If, originally you wanted all cash you could now offer to finance part of the sale price to make it more affordable for one of the buyers. You could agree to an earn-out which would mean you would have to wait to get all your money until the business met certain performance goals. You could offer to stay on for a training period. You could offer to provide free consultations for the first 3–6 months.

There are lots of things you could do to try to put together a deal with one of these buyers.

Every deal is different and every outcome has some unpredictable elements to it. There is a creative element in every sale — you could even call it the “Art Of The Deal”.

But the art of the deal is just working around obstacles as they come up.

Being creative or “thinking outside the box” is not the same things as believing “valuation is an art”. When it comes to selling your business valuation is just another word for pricing. And the price your market can pay is limited by the realities of The Big 3.

The Status Quo Is Bad News For Sellers

Again, this is not just semantics.

Recently the business school at Pepperdine University conducted a survey of business brokers to find out why some sales happen and some fall apart.

The brokers reported that “unreasonable price demands” was the number one reason sales fell through.

What does “unreasonable” mean? Well, in their survey they found that of deals that fell through because of price, in 69% of the cases the valuation gap was more than 20%.

In 26% of the deals the valuation gap was more than 30%.

Reasonable people can disagree. But when the disagreement over the asking price is greater than 30% in 1 out of 4 cases, that means there is a serious disconnect. The way many sellers price their business has nothing to do with what the buyer can reasonably pay. And what the buyer can reasonably pay comes down how much money the business has proven it can provide for its owner.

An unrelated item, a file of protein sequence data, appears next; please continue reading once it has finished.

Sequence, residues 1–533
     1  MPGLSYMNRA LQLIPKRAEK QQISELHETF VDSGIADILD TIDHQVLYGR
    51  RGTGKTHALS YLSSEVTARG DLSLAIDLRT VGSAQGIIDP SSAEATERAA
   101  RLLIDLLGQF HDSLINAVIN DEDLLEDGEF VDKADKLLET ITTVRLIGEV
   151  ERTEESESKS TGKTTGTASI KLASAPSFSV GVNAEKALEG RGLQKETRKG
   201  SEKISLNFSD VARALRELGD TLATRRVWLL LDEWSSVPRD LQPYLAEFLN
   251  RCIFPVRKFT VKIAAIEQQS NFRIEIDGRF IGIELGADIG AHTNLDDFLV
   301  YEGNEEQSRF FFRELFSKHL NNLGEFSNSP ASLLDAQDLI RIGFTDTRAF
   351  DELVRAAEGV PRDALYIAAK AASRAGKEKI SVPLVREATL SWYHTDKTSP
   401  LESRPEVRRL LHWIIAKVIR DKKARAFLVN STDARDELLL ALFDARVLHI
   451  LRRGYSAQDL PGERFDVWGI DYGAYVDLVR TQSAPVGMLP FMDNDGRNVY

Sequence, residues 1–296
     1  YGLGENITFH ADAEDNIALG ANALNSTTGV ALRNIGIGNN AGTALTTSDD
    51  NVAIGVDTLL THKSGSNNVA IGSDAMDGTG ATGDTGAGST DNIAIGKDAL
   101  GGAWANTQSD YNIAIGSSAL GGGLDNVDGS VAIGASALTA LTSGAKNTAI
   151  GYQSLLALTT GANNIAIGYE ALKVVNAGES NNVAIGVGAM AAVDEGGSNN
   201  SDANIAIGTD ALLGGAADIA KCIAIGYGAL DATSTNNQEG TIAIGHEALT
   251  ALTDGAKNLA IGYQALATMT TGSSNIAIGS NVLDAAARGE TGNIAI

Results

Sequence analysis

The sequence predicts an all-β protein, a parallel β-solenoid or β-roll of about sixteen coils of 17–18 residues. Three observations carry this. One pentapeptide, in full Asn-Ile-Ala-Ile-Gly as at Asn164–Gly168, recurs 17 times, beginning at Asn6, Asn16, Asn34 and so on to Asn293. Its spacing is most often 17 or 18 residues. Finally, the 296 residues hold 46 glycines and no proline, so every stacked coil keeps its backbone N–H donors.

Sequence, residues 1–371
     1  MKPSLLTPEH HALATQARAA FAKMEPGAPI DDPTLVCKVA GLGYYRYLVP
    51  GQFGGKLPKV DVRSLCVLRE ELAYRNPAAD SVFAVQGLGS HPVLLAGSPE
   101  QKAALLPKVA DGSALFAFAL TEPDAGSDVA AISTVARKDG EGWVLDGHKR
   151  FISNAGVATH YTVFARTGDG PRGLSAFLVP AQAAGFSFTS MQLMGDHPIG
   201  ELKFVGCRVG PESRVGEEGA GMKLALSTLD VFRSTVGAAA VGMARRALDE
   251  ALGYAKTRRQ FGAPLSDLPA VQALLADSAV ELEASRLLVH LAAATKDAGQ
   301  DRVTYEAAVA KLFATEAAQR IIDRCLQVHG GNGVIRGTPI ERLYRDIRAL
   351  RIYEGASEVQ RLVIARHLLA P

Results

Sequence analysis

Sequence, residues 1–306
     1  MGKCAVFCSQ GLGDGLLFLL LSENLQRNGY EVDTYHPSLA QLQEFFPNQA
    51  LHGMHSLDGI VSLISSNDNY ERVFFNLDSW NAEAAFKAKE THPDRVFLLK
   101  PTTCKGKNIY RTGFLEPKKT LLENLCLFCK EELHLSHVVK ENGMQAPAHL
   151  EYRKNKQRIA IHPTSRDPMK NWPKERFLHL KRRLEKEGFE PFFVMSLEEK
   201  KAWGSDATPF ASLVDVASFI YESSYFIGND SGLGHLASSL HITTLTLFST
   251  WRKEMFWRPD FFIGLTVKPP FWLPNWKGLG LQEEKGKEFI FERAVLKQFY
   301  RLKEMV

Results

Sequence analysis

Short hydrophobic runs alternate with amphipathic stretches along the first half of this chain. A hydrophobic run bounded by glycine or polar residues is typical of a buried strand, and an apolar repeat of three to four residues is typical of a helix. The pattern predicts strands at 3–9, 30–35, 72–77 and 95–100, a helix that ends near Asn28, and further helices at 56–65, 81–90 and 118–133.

When you consider the fact that 80% of all small businesses never sell, this disconnect is hurting sellers much more than buyers. When there is a huge disconnect on price the buyer can always move on to one of the many other businesses that are for sale.

But you can’t.

This is why the “Valuation Is More Art Than Science” cliche is so dangerous. It implies that something other than market-based reality (supply and demand) is at work. If you ignore this reality you are going to end up in the 80% of owners who fail to sell.

For truly small, owner-operated businesses there is an unrelenting logic that asserts itself:

  • When the owner-operator sells his business the buyer will almost always be another owner-operator.
  • The new owner-operator will run the business much like the seller has.
  • Therefore the historical earnings of the company will be the basis of the valuation.
  • The new owner-operator will rely on his new business for his income. He is buying a job.
  • All this means that the people who make up the market for these smaller businesses can only pay so much. Just like any product, you must price your business based on the market you are selling to.

Leave the artistry, creativity and outside-the-box-thinking for structuring and closing the sale. Maximize your chances of selling by pricing the business based on it’s proven profits.

Next Up: In our next post we will discuss 3 more Things you need to know if you want to sell your buisness, including how and why the size of your business has such a dramatic impact on the sales price you can demand froma buyer. Click Here To Read Part 2 Now.

Or you can go here to downoad a complimentary copy of the book 10 Things You Need To Know Today If You Want To Sell Your Business Tomorrow.

The Sell Your Business Learning Center — All the tools tips and advice you need to sell your small business. Over 200 pieces of content including articles, free Ebooks, videos, infographics and more.

Cashing Out

A For-Sale-By-Owner Guide To Selling Your Small Business…

Pat Jennings

Written by

Author of What You Need To Know Today If You Want To Sell Your Business Tomorrow Download It Here:

Cashing Out

A For-Sale-By-Owner Guide To Selling Your Small Business Published By

Pat Jennings

Written by

Author of What You Need To Know Today If You Want To Sell Your Business Tomorrow Download It Here:

Cashing Out

A For-Sale-By-Owner Guide To Selling Your Small Business Published By